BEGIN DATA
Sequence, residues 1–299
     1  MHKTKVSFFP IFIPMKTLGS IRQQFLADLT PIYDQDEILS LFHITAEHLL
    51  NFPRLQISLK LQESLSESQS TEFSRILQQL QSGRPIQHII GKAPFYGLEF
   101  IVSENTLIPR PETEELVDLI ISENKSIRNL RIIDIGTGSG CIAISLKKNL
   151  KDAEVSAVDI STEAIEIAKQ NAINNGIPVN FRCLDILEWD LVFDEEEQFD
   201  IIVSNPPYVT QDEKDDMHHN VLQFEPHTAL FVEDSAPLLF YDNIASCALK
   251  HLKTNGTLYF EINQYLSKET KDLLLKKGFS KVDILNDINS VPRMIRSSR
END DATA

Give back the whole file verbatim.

Sequence, residues 1–299
     1  MHKTKVSFFP IFIPMKTLGS IRQQFLADLT PIYDQDEILS LFHITAEHLL
    51  NFPRLQISLK LQESLSESQS TEFSRILQQL QSGRPIQHII GKAPFYGLEF
   101  IVSENTLIPR PETEELVDLI ISENKSIRNL RIIDIGTGSG CIAISLKKNL
   151  KDAEVSAVDI STEAIEIAKQ NAINNGIPVN FRCLDILEWD LVFDEEEQFD
   201  IIVSNPPYVT QDEKDDMHHN VLQFEPHTAL FVEDSAPLLF YDNIASCALK
   251  HLKTNGTLYF EINQYLSKET KDLLLKKGFS KVDILNDINS VPRMIRSSR